Writer and editor Verlyn Klinkenborg comes from a family of Iowa farmers and lived for many years on a small farm in upstate New York in Columbia County. For nearly sixteen years in the pages of the New York Times, he sent dispatches from life on the farm, detailing his observations about rural life, politics, pigs, fences, and geography. He reminds us that we’re here, that we’re not yet tired of being human, that the land where we dwell is home. His luminous essays and editorial opinions have appeared in the New Yorker, Harper’s Magazine, Esquire, and Mother Jones. His writing is eloquent and transcendental, but avoids the predictable ideation of some political and nature writing. He trusts his precise observations to convey the moral undercurrent of his thinking. There is silence in his work, but also a beating heart. If we listen closely, it’s in us, too.
juliet patterson: So would you say home is more than a structure, that it’s tied to the landscape we knew as children and our psychic relationship to it?
verlyn klinkenborg: I used to think that I was a very homesick child. And in a way, I was. But now I see that this homesickness was tied to other things that I wasn’t aware of then, like my mom struggling with leukemia early in my childhood and then dying when I was nineteen. Obviously that created a dynamic that made leaving home fraught. It sounds like a negative definition, but you could say home is the place you feel homesick away from. If I feel homesick away from it, then that must be home.
conduit: And in this case it’s your new house.
klinkenborg: It is. But, you know, the essential question, in my opinion, is something much broader. “How at home in any landscape on this planet do I feel?” It’s something that we kind of take for granted, but for me it’s a huge question.
conduit: The philosopher Gaston Bachelard referred to house cleaning, the banality of taking care of the home, as a way of reconstructing the world. You suggested earlier that your chores, in a sense, have either disintegrated or changed quite radically. Do you perceive yourself as reconstructing the world by taking care of this new place?
klinkenborg: I actually have less to take care of now. I’ve gone from a place where I had to worry about the chickens, or the pigs, or the horses getting out to one where nobody can get out; there’s nowhere to get out from. And it’s not just the space, it’s how I inhabit the weather. You know, when you have horses, or pigs, or chickens, it doesn’t matter how bad the weather is, you have to go out, at least twice a day, you don’t have a choice. Now the weather is optional. I can choose to go out or not to go out. I find that strangely missing, that feeling of, “Oh I really must go out because someone else depends on me.” My world’s just not structured that way anymore. But your point is a good one. I’ll give you an example. When we started building our house, we dug a pond. It was just a big hole in the ground, kind of horrifying really. Now three years later, it’s filled with frogs that are prospering. Swallows are always dipping into it, and herons sometimes too. We have a swimming dock as well. So it’s a habitation now. It didn’t use to be; it used to be a bit of damp pasture. Now it’s a whole different set of life zones. The house looks down over the pond, and every day this spring I’d get up and see a different pair of ducks, or mergansers, or geese just stopping in to check it out, and it became very interesting to me to see how much that kind of habitation meant to me. How much it means to all of us. The needs of other creatures are so specific. Our own can seem more amorphous and hard to interpret, so that it becomes hard to imagine what human habitat looks like. But having that pond outside the window made me see how the animals in and around it inhabited the place. And my fascination with them made the pond part of my own habitat, a part that satisfied a deep need.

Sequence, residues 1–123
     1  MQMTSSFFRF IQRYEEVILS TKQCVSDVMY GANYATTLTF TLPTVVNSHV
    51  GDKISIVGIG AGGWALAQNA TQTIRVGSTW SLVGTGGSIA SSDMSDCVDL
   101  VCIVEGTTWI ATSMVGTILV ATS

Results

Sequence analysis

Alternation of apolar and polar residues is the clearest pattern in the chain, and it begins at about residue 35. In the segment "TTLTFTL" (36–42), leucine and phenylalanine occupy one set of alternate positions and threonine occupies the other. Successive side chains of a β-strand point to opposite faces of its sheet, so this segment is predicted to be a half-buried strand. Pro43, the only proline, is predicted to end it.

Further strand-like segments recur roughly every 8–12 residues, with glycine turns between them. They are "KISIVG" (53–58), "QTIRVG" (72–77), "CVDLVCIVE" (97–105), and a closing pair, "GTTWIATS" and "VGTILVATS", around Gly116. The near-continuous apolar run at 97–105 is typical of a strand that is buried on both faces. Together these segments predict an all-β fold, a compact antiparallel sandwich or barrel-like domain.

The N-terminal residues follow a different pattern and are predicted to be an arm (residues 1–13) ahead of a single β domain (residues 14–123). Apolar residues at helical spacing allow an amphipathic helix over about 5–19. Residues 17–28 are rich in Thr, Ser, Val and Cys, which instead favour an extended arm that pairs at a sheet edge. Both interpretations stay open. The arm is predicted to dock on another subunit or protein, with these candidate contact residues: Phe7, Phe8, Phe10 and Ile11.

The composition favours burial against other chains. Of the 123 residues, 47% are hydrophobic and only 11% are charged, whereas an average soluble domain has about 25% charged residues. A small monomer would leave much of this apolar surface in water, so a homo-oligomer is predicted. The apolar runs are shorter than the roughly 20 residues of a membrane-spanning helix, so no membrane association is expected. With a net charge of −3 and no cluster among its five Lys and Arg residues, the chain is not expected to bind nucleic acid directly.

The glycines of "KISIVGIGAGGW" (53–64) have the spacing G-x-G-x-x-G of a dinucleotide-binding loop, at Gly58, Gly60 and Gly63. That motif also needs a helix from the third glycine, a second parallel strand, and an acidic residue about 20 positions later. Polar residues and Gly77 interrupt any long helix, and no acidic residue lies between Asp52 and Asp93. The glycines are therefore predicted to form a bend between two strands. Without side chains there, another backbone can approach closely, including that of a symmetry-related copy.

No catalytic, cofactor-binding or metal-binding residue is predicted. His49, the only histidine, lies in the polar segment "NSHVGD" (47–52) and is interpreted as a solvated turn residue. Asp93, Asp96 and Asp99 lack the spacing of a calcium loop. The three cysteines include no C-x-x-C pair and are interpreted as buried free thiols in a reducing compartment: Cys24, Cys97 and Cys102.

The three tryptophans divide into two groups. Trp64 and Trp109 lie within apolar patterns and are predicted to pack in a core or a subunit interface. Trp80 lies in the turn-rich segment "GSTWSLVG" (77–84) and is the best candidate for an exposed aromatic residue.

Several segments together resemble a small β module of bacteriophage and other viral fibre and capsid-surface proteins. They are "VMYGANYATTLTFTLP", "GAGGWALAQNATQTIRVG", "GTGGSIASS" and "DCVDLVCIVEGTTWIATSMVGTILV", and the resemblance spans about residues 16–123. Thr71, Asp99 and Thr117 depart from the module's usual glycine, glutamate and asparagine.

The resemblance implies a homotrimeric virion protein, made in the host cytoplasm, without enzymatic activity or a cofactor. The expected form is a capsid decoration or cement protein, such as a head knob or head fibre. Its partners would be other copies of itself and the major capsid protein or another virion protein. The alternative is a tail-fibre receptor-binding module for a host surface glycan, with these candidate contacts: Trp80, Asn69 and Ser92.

conduit: Do you think the way the landscape is being altered and commodified is increasing that need generally?
klinkenborg: I don’t know. I think a lot of people have never had the responsibility of caring for, say, farm animals, or land where food is produced, so they have no idea what it means not to have these things. Their engagement with them has been completely optional. So before we worry about what people are longing for or needing, we have to teach them what it is that they need to long for. Part of the complication is that our species is so adaptable. We easily find ourselves at home in many different environments. It’s wrong to assume there’s an innate bond between us and the natural world – it’s a cultural bond that one generation teaches to the next. Once you’ve broken that bond, it’s very complicated to recreate it. I think a lot of young people now are working very hard to recreate that bond, and that’s terrific, but I would never say that they’re doing so out of some primordial instinct. My own experience tells me that the bond has to be taught over and over again. We have to instruct people and we have to help them learn how to love the environment. If that love were as natural as we like to think it is, it wouldn’t be so complicated to protect landscapes and the species in them.